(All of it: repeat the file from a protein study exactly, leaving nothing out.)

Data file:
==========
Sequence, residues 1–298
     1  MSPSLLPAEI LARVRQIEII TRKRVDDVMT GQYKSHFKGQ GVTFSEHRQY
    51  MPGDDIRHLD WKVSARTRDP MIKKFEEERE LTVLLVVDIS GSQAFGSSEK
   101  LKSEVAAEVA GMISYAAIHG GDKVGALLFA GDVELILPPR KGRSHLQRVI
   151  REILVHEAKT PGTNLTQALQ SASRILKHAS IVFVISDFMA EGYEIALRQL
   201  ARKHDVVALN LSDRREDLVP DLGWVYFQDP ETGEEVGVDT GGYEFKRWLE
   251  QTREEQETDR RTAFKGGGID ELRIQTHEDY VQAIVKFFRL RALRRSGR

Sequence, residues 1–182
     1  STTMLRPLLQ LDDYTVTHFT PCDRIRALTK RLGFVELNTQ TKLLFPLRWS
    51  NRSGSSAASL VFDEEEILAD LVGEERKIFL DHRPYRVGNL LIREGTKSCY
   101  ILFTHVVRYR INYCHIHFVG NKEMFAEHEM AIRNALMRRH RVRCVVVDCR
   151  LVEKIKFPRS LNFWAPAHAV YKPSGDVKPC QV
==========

Sequence, residues 1–298
     1  MSPSLLPAEI LARVRQIEII TRKRVDDVMT GQYKSHFKGQ GVTFSEHRQY
    51  MPGDDIRHLD WKVSARTRDP MIKKFEEERE LTVLLVVDIS GSQAFGSSEK
   101  LKSEVAAEVA GMISYAAIHG GDKVGALLFA GDVELILPPR KGRSHLQRVI
   151  REILVHEAKT PGTNLTQALQ SASRILKHAS IVFVISDFMA EGYEIALRQL
   201  ARKHDVVALN LSDRREDLVP DLGWVYFQDP ETGEEVGVDT GGYEFKRWLE
   251  QTREEQETDR RTAFKGGGID ELRIQTHEDY VQAIVKFFRL RALRRSGR

Sequence, residues 1–182
     1  STTMLRPLLQ LDDYTVTHFT PCDRIRALTK RLGFVELNTQ TKLLFPLRWS
    51  NRSGSSAASL VFDEEEILAD LVGEERKIFL DHRPYRVGNL LIREGTKSCY
   101  ILFTHVVRYR INYCHIHFVG NKEMFAEHEM AIRNALMRRH RVRCVVVDCR
   151  LVEKIKFPRS LNFWAPAHAV YKPSGDVKPC QV